KotlinConf 2018 took place in beautiful Amsterdam at the beginning of October, and this year, I had the chance to attend. Though only the second edition, KotlinConf has already become something of an institution within the developer community. Events like these help you meet the people whose work you admire, but would otherwise not be able to meet in person.

This is my short recollection of the two wonderful days in Amsterdam:

The Announcements

We ❤️ Kotlin and Kotlin ❤️s us too!

Kotlin 1.3

The long-awaited Kotlin 1.3 release was announced, which would supposedly remove the “experimental” flag off of coroutines and make it a first-class language feature. It will also help promote the concept of multi-platform programming forward. Using Kotlin to develop backend systems is not a new idea, but the 1.3 release is going to firmly set foot in many domains, beyond Android.

Best of all, we can finally use one IDE to develop on Kotlin for all platforms. We no longer need to jump back and forth over to CLion or AppCode, unless we really want to. Otherwise, IntelliJ (incl. the free Community Edition) should be more than sufficient. For finalizing the iOS builds, we ultimately still need XCode, but that’s not something under JetBrains’ control.

The Topics

There is a DSL for that…

Of course, topics revolved mainly around the major announcements, including, but not limited to, the development of DSLs (domain-specific languages) for solving just about any problem, multi-platform development (for the JVM, JavaScript, or natively on iOS, macOS, Linux, etc), server-side, data science and machine learning, and of course, many, many sessions targeting Android.

Kotlin on the Server

I was happy to see the involvement of Google into Kotlin, beyond Android. In fact, there was quite a Google presence from the Cloud Platform team. Other companies, well-known using Kotlin on the server-side, such as German online-bank N26, were there to inspire the community.

If you are interested into trying out Kotlin on the server, I recommend these three talks straight out of KotlinConf:

for a quick overview, before checking out http4k

and, of course, Ktor

Kotlin for Data Science

Ever since I tried Kotlin for the first time, I was convinced that it has the potential to outpace Scala, and stand shoulder to shoulder with Python and R, as the dominant programming language trio of data science. Although we are still far from this moment of ultimate bliss, the efforts of folks like Holger Brand l and Thomas Nield (and to some limited extend, my humble self) can only help reassure that there is a serious potential, which is about to unroll in the coming months.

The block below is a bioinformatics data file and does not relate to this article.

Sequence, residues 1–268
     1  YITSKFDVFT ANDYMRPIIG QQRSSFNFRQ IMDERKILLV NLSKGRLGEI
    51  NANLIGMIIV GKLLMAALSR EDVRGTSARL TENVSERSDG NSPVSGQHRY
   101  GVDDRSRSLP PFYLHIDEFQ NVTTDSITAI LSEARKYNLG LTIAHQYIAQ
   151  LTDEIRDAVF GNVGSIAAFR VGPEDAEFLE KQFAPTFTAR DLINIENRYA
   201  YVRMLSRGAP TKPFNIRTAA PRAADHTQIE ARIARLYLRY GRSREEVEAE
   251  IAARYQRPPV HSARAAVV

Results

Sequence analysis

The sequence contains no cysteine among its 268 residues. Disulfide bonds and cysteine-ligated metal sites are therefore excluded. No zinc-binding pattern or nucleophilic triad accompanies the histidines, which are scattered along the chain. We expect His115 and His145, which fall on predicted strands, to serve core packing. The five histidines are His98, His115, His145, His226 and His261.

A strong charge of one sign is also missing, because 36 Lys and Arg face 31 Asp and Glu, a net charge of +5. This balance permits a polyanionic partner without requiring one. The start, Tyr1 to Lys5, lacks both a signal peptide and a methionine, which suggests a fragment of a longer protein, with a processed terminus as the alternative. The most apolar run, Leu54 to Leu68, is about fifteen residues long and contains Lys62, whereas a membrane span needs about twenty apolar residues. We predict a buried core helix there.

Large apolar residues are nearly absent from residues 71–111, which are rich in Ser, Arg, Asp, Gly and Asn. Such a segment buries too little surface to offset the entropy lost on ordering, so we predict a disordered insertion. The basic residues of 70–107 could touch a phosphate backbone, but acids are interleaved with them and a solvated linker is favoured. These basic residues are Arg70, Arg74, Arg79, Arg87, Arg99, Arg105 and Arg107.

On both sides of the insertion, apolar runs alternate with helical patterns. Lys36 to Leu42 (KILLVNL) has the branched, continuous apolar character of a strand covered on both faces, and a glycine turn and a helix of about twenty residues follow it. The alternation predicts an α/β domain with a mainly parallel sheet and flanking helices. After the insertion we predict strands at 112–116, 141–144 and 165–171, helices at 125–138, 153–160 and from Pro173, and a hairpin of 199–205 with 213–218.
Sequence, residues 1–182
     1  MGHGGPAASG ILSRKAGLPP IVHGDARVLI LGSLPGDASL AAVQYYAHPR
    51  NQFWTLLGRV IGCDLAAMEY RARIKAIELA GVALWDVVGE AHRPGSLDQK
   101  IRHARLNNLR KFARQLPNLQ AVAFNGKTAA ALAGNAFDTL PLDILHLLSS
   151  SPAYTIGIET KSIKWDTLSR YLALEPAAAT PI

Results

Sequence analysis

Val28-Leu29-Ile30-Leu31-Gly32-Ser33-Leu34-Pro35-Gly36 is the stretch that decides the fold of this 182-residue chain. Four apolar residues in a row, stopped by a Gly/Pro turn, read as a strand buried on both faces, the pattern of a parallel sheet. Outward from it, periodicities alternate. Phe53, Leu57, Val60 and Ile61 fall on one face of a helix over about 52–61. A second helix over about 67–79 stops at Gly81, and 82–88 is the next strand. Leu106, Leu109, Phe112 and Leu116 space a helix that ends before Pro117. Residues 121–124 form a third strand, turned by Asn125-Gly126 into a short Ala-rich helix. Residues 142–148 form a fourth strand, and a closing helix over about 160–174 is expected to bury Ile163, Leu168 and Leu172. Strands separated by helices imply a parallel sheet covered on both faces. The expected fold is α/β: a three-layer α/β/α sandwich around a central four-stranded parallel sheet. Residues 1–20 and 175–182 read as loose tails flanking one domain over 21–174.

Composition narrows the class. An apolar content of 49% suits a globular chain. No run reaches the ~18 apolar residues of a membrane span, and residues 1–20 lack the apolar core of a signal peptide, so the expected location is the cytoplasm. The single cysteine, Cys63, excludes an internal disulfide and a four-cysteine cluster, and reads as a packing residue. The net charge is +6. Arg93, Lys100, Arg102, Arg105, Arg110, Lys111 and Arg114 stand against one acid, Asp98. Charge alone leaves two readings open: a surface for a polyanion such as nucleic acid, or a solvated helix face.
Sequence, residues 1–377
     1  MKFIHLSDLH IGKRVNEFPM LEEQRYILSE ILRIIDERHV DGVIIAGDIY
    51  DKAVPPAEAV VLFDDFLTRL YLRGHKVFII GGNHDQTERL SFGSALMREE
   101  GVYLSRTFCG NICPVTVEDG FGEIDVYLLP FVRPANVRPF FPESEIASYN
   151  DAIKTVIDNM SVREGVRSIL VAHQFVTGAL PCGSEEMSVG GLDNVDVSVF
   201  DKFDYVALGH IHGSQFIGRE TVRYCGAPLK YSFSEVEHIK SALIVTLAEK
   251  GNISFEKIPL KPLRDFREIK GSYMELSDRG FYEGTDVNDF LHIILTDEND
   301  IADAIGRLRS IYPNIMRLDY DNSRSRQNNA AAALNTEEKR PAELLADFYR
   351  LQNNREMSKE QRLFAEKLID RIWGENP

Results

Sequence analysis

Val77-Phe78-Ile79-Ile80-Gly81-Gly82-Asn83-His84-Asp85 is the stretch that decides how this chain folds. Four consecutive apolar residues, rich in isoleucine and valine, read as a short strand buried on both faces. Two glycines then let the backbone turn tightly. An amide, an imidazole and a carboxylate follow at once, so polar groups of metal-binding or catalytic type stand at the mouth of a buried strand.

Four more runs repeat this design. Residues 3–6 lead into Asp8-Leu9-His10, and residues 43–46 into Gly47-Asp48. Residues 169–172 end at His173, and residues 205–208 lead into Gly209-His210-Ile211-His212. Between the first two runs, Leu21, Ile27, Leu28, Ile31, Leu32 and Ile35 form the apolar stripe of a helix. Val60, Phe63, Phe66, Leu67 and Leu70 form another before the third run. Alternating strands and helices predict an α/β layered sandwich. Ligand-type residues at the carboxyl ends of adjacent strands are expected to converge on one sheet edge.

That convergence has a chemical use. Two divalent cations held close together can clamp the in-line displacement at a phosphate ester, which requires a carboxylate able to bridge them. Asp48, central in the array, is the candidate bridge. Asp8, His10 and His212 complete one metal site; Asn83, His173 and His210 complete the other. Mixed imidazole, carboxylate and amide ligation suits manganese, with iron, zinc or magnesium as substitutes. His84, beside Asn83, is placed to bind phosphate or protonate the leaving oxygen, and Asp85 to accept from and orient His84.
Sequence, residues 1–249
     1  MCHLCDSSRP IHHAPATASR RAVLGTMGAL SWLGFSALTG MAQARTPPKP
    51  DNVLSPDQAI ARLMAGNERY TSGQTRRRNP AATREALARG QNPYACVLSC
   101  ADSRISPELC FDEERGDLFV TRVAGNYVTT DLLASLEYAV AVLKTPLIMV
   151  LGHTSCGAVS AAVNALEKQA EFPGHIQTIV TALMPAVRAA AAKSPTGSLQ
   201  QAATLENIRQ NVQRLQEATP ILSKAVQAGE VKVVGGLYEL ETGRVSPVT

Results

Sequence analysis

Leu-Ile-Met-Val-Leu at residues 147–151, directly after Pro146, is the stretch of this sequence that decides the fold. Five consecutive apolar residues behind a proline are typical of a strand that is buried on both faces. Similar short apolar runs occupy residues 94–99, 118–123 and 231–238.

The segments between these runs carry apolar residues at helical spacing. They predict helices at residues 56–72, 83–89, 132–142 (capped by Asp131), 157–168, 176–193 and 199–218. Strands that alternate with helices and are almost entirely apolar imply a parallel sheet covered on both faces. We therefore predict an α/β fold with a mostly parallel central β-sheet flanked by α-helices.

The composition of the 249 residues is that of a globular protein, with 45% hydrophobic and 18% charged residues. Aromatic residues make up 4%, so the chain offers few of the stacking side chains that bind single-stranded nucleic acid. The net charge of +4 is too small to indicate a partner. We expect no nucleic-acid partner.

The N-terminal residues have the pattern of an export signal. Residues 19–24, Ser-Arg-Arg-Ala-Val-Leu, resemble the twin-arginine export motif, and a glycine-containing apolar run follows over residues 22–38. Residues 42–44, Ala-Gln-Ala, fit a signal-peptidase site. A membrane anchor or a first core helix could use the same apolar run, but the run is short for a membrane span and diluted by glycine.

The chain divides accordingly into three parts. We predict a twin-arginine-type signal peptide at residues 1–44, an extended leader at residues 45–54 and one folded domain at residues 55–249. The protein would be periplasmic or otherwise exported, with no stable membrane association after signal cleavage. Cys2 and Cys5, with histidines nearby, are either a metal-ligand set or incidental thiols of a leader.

Kotlin … Everywhere (Even on iOS)

Yes, the big keyword of KotlinConf 2018 was /multi-platform/. Although not a silver bullet, and definitely not a write-once-deploy-everywhere proposition, multi-platform has the potential to help developers organize big projects around modules that can be shared across platforms. Kotlin/Native makes this possible. Unlike Flutter or React Native, however, the idea is not to overtake the UI development of each platform, but rather, deliver the native look-and-experience, by sharing the shared business logic across.

The Venue

The venue (Beurs van Berlage) is a former Dutch stock exchange, now turned into a convention center. It is located in the perfect city center, literally, 5-minute walking distance from the central station. I was extremely thankful for that, since I was commuting with the morning train from the nearby city of Utrecht.

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The service and catering at the location were very good. Food, refreshments, and coffee were present at all times, so one could never enter a session hungry or or in lack of caffeine. The organizers and stewards were always present, always helping, politely answering questions, or helping people get to their sessions on time.

There were however, a couple of minus points. The event felt a bit overbooked for the venue, and one could see this right from the start. The keynote hall could not fit everyone, so a separate hall was designated, where the keynote was streamed. Also, during follow-up sessions, some of the smaller halls filled up quickly, and late newcomers would stay around the edge of the room, or get ushered to a separate, silent room with a few large screens streaming each of the four parallel sessions live. Some people liked the silent rooms, but I didn’t. I go to a conference mainly for the live interaction with others, not for passive consumption of the presentations. I wish there were a little more room and space for enjoying your chat, without being ushered to move aside ever 10 seconds.

Overall

Of course, all of these things are normal for such a big conference, and compared to the overall excitement to be there and meet the Kotlin community, they felt like a minor nuisance. I totally enjoyed my stay in Amsterdam and Utrecht, and am already looking forward to booking my tickets for next year’s KotlinConf.


KotlinConf 2018 through the eyes of others

KotlinConf 18 | Zsmb
Krazy KotlinConf 2018 in Amsterdam